To notice what you’re doing, you need to be aware of the present in all ways. You must see when the urge strikes to knock back a fizzy drink when you have already decided not to, but the idea grabs you.
You must recognize when your focus drops and you begin surfing social media sites rather than cracking on with your work.
How can you step up mindfulness?
There are several ways to make yourself more aware of your actions and the present moment. For example, you could download a mindful bell app to remind you to stop and consider what’s happening at specific times of the day.
Or you could time mindfulness to coincide with something specific you already do regularly, like stretching, taking a break, or checking your emails.
Whenever you carry out your chosen action, pair it with mindfulness, bringing your awareness to the present. Note your breath, how your body feels, and your thoughts. What’s happening in the environment? What, if any, urges threaten to pull you off track?
What to do when a bad habit insists on recognition
There’s no need to fight the urge to engage with a bad habit. In fact, it’s helpful to acknowledge it. The more you try to send it away, the more it will tug at your heels, demanding attention.
So recognize the urge to eat, drink, smoke, or whatever you want to quit and say “hello” to it.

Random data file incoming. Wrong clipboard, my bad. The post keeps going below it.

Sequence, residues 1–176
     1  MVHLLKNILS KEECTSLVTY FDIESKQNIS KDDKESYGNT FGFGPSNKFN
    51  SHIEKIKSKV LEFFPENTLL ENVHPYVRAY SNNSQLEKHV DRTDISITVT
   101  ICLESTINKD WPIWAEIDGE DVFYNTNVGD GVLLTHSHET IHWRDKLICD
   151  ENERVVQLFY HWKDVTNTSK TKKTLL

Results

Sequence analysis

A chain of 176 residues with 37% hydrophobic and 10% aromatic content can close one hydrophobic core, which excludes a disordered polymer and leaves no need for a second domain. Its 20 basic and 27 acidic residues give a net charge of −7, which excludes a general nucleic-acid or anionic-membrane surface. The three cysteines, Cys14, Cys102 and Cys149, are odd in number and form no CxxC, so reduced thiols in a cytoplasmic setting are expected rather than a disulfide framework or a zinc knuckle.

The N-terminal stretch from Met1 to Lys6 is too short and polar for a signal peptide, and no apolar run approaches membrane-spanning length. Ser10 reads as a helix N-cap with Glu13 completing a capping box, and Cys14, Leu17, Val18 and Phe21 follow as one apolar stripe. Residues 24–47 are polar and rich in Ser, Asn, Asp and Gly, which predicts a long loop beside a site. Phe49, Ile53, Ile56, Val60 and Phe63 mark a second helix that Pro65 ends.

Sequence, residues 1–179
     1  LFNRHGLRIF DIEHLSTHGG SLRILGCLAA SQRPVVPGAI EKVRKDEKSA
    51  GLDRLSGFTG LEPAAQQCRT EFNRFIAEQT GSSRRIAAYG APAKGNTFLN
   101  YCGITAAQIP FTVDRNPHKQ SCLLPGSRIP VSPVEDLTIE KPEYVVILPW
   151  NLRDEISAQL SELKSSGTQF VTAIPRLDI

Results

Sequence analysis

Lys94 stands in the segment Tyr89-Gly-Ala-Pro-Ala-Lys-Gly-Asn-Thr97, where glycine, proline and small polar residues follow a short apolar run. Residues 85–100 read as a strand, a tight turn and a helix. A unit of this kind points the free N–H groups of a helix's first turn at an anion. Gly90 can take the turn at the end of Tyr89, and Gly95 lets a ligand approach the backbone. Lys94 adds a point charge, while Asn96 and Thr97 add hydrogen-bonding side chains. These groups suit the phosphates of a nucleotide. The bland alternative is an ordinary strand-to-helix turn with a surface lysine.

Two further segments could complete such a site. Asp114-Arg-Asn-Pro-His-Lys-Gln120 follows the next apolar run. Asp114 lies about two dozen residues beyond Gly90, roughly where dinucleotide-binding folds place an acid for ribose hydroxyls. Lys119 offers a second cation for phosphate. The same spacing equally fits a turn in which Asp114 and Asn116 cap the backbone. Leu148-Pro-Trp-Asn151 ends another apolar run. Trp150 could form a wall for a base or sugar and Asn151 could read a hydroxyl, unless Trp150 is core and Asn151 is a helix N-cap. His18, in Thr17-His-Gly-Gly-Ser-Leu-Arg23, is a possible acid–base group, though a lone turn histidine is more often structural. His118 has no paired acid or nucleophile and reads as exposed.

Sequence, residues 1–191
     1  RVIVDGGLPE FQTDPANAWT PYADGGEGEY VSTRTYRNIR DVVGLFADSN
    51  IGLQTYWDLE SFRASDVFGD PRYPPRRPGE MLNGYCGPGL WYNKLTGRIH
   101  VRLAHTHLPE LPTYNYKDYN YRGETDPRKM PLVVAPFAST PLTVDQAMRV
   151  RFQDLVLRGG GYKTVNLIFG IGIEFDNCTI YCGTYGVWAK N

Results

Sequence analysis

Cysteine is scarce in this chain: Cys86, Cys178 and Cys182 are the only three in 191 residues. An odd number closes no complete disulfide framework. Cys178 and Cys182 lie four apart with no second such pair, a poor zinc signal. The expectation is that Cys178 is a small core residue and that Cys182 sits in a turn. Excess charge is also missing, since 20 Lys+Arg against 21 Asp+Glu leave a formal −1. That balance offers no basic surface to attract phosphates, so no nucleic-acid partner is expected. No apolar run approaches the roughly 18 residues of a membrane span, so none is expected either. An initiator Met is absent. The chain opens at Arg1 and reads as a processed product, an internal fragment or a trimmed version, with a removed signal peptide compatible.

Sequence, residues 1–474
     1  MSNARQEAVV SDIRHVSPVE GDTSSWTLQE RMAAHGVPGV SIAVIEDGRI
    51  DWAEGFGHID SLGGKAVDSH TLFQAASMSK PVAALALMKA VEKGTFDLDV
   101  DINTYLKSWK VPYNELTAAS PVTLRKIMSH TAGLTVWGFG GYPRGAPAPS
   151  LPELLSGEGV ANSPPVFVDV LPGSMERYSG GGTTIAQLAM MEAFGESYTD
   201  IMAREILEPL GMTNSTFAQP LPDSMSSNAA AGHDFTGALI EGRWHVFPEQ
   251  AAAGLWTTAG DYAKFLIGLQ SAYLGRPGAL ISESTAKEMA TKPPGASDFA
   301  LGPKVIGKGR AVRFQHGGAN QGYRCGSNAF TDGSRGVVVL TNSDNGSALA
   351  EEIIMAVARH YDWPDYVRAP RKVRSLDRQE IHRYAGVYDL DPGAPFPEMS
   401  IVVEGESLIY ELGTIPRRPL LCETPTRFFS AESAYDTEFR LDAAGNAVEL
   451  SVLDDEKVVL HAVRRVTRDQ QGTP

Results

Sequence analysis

Next, sit with your discomfort. Yes, the idea sounds a little nutty, but you’ll be amazed at what happens when you let yourself experience your urge and do nothing about it.
The hunger for whatever it is will pass. Just stay with it rather than reacting to it and let it exist alongside you. You can continue writing, working, or reading: there’s no need to focus on the desire to engage in the bad habit. But know it will pass and relax into it as you do something else.
Bad habits are often sources of guilt, resentment, and frustration. We know overeating, guzzling soda, or doing other unhealthy things are bad for us, yet, our bodies send us the signals to continue doing them, and they’re hard to resist.
But you can combat the seemingly endless need to do things you want to give up by boosting self-awareness with mindfulness.
Catch a bad habit the moment it enters your thoughts before you do it, and acknowledge it. Then let the discomfort visit you like an old acquaintance.
Imagine the acquaintance isn’t a soul mate. You’re not the best of pals, but you’re not enemies. They can sit next to you as you carry out chores and work.
You might see them in your mind’s eye. Or you could feel them poke you now and then. But know they will eventually pack their bags and wander off if you are neutral about them, not caring whether they stay or go.
In short, bore them to death.
We all endure habits that do us no favors, but we can do something about them. Try mindfulness and acceptance, and watch your old habits sidle off into the distance.
Of course, you will need to repeat the process often until your new habit of sitting tight takes hold, but with patience and time, your old acquaintances will stop coming to see you.